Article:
In six highly successful seasons as a Liverpool player Graeme Souness was at the heart of some of the Reds' finest triumphs.
Memorably described as "a bear of a player with the delicacy of a violinist" he was a high-octane blend of amazing strength and bewitching subtlety.
So when the club offered one of its favourite sons the chance to succeed Kenny Dalglish as playing legend turned hot-seat genius, it seemed like a marriage made in red heaven.
After all, it had been an inspired decision to appoint Dalglish, and Souness had already shown the type of managerial acumen required at a club synonymous with silverware during his spell with Glasgow Rangers.
Indeed, he seemed to be the obvious successor following King Kenny's shock resignation and enthusiastically took up the task of building a new Liverpool team.
However, the Souness reign would be hindered by a persistently lengthy injury-list, health problems and a host of questionable signings.
His tenure began in difficult circumstances as he took charge of a flagging side midway through the 1990-91 season.
The Reds had thrown away a lengthy lead at the top of the league and, try as they might, they could not regain their advantage. Arsenal's momentum saw them cruise to the title with Liverpool having to settle for the runners-up spot.
Anyone familiar with the Anfield ethos knows all too well that 'first is first, second is nowhere.'
With this in mind, Souness set about transforming Dalglish's ageing Liverpool team and was keen to stamp his own blueprint on the squad. In came the likes of Mark Wright, Dean Saunders and Mark Walters for big money fees, while Kop favourites such as Peter Beardsley, Steve Staunton and Steve McMahon were allowed to leave.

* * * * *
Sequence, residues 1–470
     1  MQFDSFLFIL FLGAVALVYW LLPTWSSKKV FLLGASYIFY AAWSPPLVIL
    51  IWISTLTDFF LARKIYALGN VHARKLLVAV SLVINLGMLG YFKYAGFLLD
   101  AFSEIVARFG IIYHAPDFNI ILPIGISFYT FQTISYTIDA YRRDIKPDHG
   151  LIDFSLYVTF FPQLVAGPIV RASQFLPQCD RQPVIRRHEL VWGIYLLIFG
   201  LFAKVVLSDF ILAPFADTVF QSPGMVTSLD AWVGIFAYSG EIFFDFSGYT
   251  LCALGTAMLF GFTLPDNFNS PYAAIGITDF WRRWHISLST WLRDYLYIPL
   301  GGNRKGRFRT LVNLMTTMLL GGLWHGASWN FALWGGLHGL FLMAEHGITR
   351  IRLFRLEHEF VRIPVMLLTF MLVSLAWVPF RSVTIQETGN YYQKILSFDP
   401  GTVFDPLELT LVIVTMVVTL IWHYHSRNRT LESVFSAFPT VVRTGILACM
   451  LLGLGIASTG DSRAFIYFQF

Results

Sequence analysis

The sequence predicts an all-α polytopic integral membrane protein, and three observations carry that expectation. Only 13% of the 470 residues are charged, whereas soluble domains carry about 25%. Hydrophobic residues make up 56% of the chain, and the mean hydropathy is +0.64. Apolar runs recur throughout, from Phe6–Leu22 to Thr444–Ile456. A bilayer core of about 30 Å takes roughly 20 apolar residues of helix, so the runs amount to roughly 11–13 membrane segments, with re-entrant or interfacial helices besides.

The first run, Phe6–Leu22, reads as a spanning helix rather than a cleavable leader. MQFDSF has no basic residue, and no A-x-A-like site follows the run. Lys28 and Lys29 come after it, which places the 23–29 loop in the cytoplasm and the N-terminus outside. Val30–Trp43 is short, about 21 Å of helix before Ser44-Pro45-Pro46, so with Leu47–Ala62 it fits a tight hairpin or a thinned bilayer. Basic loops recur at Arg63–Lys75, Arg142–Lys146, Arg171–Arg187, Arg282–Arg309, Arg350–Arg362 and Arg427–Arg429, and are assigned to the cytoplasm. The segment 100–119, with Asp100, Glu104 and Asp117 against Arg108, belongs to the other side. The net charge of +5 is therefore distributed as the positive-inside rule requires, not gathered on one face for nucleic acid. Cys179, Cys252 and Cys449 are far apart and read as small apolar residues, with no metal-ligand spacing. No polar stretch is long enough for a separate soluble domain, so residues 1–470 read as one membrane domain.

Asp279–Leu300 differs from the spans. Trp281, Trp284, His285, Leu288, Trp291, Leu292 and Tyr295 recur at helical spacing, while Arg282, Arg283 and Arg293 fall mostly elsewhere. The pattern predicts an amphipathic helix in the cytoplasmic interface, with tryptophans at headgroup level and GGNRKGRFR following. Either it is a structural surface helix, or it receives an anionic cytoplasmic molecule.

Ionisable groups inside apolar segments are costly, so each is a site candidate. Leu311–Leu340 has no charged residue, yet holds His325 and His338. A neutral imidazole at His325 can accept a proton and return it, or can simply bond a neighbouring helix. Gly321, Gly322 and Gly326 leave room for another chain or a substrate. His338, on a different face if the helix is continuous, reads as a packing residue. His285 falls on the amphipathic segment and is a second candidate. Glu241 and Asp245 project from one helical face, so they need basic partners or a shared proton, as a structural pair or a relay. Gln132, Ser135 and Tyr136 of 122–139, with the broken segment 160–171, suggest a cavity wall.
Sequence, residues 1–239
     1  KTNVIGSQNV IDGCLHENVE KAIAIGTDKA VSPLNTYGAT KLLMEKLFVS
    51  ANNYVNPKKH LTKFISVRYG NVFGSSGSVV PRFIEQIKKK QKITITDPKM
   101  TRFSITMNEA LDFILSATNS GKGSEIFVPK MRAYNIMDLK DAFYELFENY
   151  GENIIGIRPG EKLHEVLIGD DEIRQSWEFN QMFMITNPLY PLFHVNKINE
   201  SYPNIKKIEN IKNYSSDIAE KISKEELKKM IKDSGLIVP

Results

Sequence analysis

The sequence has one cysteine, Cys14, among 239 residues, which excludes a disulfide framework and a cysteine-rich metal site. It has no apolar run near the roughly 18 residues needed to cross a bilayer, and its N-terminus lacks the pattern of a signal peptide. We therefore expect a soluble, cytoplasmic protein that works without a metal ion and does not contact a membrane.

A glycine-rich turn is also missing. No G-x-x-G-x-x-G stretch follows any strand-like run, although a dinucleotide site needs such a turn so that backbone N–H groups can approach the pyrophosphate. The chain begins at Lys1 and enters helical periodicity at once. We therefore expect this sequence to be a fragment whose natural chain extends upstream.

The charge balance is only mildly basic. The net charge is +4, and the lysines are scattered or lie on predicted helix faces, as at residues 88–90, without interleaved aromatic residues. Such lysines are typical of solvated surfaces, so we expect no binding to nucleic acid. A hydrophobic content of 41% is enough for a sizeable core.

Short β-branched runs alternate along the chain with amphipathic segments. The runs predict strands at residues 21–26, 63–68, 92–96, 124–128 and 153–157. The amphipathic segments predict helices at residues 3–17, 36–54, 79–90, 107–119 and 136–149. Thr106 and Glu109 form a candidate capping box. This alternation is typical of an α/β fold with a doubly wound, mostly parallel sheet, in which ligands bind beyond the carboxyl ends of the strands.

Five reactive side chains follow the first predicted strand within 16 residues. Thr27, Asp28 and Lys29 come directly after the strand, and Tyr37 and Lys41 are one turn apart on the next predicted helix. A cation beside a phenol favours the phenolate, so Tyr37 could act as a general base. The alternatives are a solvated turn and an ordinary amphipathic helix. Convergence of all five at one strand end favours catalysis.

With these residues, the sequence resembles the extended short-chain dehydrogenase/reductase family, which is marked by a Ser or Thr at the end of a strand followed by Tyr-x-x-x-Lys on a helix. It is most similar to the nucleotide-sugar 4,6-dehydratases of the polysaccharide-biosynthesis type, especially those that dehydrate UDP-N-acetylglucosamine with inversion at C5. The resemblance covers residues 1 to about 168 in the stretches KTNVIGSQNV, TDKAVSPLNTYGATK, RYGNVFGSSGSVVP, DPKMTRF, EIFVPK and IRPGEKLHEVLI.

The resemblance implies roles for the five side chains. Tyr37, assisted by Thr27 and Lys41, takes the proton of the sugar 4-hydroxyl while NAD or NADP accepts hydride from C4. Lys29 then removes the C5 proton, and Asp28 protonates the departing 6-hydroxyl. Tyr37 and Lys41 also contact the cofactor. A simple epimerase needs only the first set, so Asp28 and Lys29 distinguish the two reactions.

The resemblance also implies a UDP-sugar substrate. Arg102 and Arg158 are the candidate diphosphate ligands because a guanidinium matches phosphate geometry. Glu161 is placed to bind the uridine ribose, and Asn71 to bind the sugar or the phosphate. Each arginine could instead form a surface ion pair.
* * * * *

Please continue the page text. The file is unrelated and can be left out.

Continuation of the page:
In an interview some years later he reflected upon his decision to ring overnight changes and admitted he may have been too hasty in allowing some of the side's more senior players to depart.
He said: "What has happened since has gone to prove that I was not to blame for all the ills…my problem, was that I tried to change it too quickly."
That may well have been the case, but although the Reds would end an injury-ravaged 1991-92 campaign in a disappointing sixth place, they would go on to clinch FA Cup success with a 2-0 win over Sunderland at Wembley.
It was a fine achievement for Souey, who overcame life-threatening heart surgery to take his place on the Reds bench alongside a physician, although Ronnie Moran oversaw team affairs on the day.
Hopes were high that, with a fully-fit squad, the Scot would lead Liverpool back to their former glories. Sadly, it would prove to be the height of Souness' success at Anfield.
Another sixth place finish in the league would follow, as would an embarrassing FA Cup defeat against Division Two side Bolton Wanderers.
With confidence in his ability to turn the Reds' fortunes around fading fast Souness continued to fight for the Liverpool cause. But he found that some of the players he had brought in lacked the passion and desire he expected from someone pulling on the red shirt.
He later said: "I found the change of mood in the dressing room both startling and alarming.
"How could standards have slipped so badly? I could not accept the lack of determination and fire in their bodies to win games for Liverpool".
Sadly for the dedicated Scot, he would not be around long enough to put things right as another embarrassing FA Cup defeat, this time against lower division side Bristol City, proved to be his last game in charge.
On announcing his decision to resign he said: "I took this job believing that I could return the club to its former glory but this proved to be more difficult than I anticipated."